February 12, 2020 | Alumni
Daniel Almeida and Keizac Lee are U of T’s newest game-changers in Forbes Top 30 Under 30
By Anjali Baichwal
Daniel Almeida (BSc 2014 UTM) is one of two U of T Mississauga alumni singled out by Forbes as rising stars to watch.
Two University of Toronto alumni – both graduates of U of T Mississauga – were named to the prestigious Forbes Top 30 Under 30 list for 2020. Each year, the award is given to 30 of the “brashest entrepreneurs” across Canada and the United States in 20 industries—a total of 600 game-changers.
“U of T is where I first fell in love with research”
Daniel Almeida (BSc 2014 UTM) is a PhD candidate in neuroepigenetics at McGill University’s McGill Group for Suicide Studies. “U of T is where I first fell in love with research and developed a capacity for critical thinking, and for that reason it will always hold a very special place in my heart,” says Almeida, who graduated with high distinction, studying comparative physiology.
“It is easy to visualize the impact that our research may one day have on the lives of individuals suffering from mental illness”
His current research focuses on how mental illness in adulthood is linked to severe abuse in early childhood. He does this by investigating molecular alterations in the brains of depressed individuals who died by suicide and who had a history of severe childhood abuse. Almeida’s work is uncovering the discrete changes that occur in brain cells of children who experienced abuse, unlocking some of the mysteries surrounding mental illness and suicide.
“Being selected for Forbes 30 Under 30 in the science category is a tremendous honour,” says Almeida. “The nature of our work makes it easy to visualize the impact that our research may one day have on the lives of individuals suffering from mental illness. I am so grateful to be part of such an amazing team and to share my research with the world.”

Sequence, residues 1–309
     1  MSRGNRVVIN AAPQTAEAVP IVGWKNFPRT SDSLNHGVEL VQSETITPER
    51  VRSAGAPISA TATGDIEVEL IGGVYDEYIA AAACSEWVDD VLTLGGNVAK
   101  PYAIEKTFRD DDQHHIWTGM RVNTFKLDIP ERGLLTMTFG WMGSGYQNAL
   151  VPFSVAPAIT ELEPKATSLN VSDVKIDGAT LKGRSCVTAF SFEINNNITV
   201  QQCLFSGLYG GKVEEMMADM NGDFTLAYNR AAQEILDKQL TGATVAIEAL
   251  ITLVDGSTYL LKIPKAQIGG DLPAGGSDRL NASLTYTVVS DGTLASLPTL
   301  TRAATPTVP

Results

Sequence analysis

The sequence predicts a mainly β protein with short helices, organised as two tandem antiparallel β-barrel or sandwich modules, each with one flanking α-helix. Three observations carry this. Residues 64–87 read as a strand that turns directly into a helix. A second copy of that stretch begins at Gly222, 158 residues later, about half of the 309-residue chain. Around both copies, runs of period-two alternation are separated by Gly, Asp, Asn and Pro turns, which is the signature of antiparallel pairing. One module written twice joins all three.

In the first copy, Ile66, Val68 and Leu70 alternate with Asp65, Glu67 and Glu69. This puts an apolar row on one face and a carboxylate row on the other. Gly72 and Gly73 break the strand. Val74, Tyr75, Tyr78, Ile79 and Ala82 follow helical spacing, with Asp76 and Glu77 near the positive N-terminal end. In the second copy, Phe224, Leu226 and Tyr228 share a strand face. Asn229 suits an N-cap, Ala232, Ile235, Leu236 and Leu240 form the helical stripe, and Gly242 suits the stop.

“I strongly believe that gaming can be a force for good”
Keizac Lee (BA 2016 UTM) is a graduate of UTM’s Communications, Culture & Information Technology program (CCIT). At 25, he is the youngest partner at Kowloon Nights, an investment fund that supports independent game developers globally. Lee oversees a portfolio of over 25 titles, signs new games and manages strategic relationships with publishers and platforms like Google and Nintendo. Lee was selected in Forbes’ gaming and immigrant categories.
“I’m humbled by the Forbes recognition. I share this honour with the mentors and team members at Kowloon Nights as well as the game developers we support,” says Lee.
“Gaming generates more revenues than television, film, music and sports combined. Even the most stubborn of parents are taken aback after hearing that”
As a graduate of CCIT’s Digital Enterprise Management program, Lee gained valuable skills in entrepreneurship, data analytics, video editing and web design. A highlight of his UTM experience was producing a video called “7 Days of AI.” The film went viral, receiving more than one million views and got Lee and his team a nomination for a Webby Award.
After graduation, Lee worked in investment banking before moving to a Taiwanese conglomerate to invest in start-ups. His passion for gaming led him to join Kowloon Nights. “When I was younger, I had a dysfunctional relationship with gaming; I was addicted,” he says. “But as I grew up, that relationship transformed into a more positive one, and I began to rely on games as a support system during tough times, and as a way to socialize.”
Gaming, he says, also helped build his confidence and competitive side. “Gaming has some negative connotations, especially among parents, but I strongly believe that it can be a force for good. Not many people know that the gaming industry, on an annual basis, generates more revenues than the television/film, music and sports industry combined. Even the most stubborn of parents are taken aback after hearing that.”